5 Simple Things I Removed from My Life to Become Happier

Happiness comes from subtraction, not addition.

Anthony J. Yeung
Mind Cafe
Published in
9 min readOct 24, 2020

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Photo by Radu Florin on Unsplash

When I was a kid, I was miserable, hated life, and didn’t think things could improve: I had a traumatic childhood and was teased by other kids for being so “angry.” I knew I couldn’t go the rest of my days with so much negativity, tension, and pain, so I committed to change. And after a decade of studying hundreds of books, journaling thousands of pages, and testing countless strategies, I was able to reinvent my life to be happier than I’ve ever been.

Yet after pouring over all that information, here’s the single biggest lesson I’ve learned during that journey: Happiness is more about subtraction than addition.

Sure, it’s easy to think that a few life hacks, breathing exercises, and affirmations are going to transform everything and make you content. But it’s far easier to be happy in life when you’re not actively engaged in making yourself unhappy. So rather than adding more things to your life, it’s far more effective and practical to eliminate what hurts our happiness in the first place.

“It’s not the daily increase but daily decrease. Hack away at the unessential.” — Bruce Lee

While there are plenty of things that can affect your happiness, here are the 5 simple things I removed that made the biggest impact:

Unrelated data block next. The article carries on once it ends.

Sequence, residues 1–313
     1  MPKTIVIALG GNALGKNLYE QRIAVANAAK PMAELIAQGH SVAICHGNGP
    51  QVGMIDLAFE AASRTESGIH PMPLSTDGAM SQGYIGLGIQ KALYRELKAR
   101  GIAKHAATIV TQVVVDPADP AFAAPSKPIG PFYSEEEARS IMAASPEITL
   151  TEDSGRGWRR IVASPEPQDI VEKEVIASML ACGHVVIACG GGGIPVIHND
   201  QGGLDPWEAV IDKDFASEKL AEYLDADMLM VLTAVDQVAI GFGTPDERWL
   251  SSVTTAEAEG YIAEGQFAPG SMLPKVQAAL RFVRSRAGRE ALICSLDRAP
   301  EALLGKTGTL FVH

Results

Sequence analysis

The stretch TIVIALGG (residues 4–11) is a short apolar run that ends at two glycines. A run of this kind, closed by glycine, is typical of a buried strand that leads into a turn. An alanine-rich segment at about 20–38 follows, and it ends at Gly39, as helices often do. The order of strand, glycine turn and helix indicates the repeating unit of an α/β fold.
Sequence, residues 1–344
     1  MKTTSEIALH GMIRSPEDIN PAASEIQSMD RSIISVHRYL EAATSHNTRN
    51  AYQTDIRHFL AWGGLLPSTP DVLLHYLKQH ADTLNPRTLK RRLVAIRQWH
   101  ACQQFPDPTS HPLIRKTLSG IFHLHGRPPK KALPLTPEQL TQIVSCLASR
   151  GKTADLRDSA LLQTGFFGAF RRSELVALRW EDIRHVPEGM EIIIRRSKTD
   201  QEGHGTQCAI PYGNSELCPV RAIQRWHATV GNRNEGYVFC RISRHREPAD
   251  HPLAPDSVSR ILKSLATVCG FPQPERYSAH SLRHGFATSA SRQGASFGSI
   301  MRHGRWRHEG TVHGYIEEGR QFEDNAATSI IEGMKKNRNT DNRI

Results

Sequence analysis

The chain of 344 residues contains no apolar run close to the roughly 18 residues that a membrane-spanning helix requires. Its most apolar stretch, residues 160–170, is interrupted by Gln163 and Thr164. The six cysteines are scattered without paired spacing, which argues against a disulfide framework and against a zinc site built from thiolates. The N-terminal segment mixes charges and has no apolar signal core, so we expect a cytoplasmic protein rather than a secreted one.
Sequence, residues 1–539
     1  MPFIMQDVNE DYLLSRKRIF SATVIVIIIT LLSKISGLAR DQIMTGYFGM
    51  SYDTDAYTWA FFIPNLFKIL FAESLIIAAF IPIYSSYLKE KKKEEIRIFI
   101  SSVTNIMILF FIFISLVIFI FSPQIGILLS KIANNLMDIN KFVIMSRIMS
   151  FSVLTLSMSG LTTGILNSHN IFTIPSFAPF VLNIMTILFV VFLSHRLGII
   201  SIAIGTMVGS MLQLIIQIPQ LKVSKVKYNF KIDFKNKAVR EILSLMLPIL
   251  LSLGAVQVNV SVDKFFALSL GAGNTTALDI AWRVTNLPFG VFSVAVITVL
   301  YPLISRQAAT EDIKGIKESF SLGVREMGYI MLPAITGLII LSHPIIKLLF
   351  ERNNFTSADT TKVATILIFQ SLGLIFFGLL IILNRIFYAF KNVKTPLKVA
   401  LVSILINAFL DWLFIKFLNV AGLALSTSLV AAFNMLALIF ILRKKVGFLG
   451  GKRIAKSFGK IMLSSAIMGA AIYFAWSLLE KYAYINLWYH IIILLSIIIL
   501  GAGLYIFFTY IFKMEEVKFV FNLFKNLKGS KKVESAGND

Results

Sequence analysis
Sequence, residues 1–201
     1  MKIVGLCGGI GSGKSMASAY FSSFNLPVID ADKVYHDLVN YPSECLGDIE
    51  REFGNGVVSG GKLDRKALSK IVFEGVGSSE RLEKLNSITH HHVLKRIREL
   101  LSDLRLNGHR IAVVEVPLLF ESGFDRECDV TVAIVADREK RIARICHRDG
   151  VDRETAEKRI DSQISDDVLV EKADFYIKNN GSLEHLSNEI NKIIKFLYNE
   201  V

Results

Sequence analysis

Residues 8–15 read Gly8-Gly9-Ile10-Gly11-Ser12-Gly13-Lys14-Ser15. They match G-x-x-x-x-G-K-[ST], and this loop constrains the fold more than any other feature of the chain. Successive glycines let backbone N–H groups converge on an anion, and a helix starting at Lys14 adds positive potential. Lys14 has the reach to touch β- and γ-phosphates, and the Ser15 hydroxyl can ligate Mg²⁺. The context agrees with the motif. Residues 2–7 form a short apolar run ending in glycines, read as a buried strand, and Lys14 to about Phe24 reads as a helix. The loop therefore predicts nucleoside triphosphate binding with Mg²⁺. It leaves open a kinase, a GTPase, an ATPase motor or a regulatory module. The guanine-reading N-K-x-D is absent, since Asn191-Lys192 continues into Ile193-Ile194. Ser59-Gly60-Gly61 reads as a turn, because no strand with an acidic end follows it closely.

1. Remove Negative Information

Many people get accustomed to negativity, stress, and frustration whether it’s from their social circle or what they see. Here are two changes that removed my biggest offenders:

I stopped watching and reading the news.

I do make exceptions for major events of serious impact, but I generally avoid all news. First, it’s a massive stressor. From a study by the American Psychological Association:

“More than half of Americans say the news causes them stress, and many report feeling anxiety, fatigue or sleep loss as a result, the survey shows. Yet one in 10 adults checks the news every hour, and fully 20% of Americans report “constantly” monitoring their social media feeds — which…

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Anthony J. Yeung
Mind Cafe

Featured in Esquire & GQ. Founder. Full-time traveler. Ready to upgrade your life? Get my 5 life hacks to boost your results here → https://bit.ly/2IDx15y